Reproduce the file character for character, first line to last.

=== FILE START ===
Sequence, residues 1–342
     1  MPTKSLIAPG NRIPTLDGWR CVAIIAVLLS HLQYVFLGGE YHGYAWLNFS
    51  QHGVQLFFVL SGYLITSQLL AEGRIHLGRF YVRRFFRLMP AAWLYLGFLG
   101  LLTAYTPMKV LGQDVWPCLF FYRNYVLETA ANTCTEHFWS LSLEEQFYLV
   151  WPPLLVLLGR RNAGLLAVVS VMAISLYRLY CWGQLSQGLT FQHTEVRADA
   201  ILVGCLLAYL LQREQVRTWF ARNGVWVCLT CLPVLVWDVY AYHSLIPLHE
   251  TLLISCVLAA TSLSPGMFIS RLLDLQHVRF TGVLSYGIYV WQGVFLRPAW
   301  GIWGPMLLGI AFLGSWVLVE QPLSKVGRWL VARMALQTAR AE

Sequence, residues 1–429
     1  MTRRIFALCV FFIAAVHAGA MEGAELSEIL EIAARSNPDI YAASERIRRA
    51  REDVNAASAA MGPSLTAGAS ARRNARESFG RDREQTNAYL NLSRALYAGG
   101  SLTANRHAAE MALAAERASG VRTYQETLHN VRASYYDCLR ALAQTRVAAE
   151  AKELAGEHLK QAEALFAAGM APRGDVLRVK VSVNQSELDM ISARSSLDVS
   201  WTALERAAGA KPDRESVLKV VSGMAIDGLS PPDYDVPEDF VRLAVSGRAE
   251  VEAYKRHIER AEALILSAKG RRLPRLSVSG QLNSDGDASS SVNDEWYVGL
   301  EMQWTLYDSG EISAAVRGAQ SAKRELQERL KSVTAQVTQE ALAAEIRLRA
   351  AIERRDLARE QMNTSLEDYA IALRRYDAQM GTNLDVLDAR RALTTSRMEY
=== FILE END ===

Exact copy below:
Sequence, residues 1–342
     1  MPTKSLIAPG NRIPTLDGWR CVAIIAVLLS HLQYVFLGGE YHGYAWLNFS
    51  QHGVQLFFVL SGYLITSQLL AEGRIHLGRF YVRRFFRLMP AAWLYLGFLG
   101  LLTAYTPMKV LGQDVWPCLF FYRNYVLETA ANTCTEHFWS LSLEEQFYLV
   151  WPPLLVLLGR RNAGLLAVVS VMAISLYRLY CWGQLSQGLT FQHTEVRADA
   201  ILVGCLLAYL LQREQVRTWF ARNGVWVCLT CLPVLVWDVY AYHSLIPLHE
   251  TLLISCVLAA TSLSPGMFIS RLLDLQHVRF TGVLSYGIYV WQGVFLRPAW
   301  GIWGPMLLGI AFLGSWVLVE QPLSKVGRWL VARMALQTAR AE

Sequence, residues 1–429
     1  MTRRIFALCV FFIAAVHAGA MEGAELSEIL EIAARSNPDI YAASERIRRA
    51  REDVNAASAA MGPSLTAGAS ARRNARESFG RDREQTNAYL NLSRALYAGG
   101  SLTANRHAAE MALAAERASG VRTYQETLHN VRASYYDCLR ALAQTRVAAE
   151  AKELAGEHLK QAEALFAAGM APRGDVLRVK VSVNQSELDM ISARSSLDVS
   201  WTALERAAGA KPDRESVLKV VSGMAIDGLS PPDYDVPEDF VRLAVSGRAE
   251  VEAYKRHIER AEALILSAKG RRLPRLSVSG QLNSDGDASS SVNDEWYVGL
   301  EMQWTLYDSG EISAAVRGAQ SAKRELQERL KSVTAQVTQE ALAAEIRLRA
   351  AIERRDLARE QMNTSLEDYA IALRRYDAQM GTNLDVLDAR RALTTSRMEY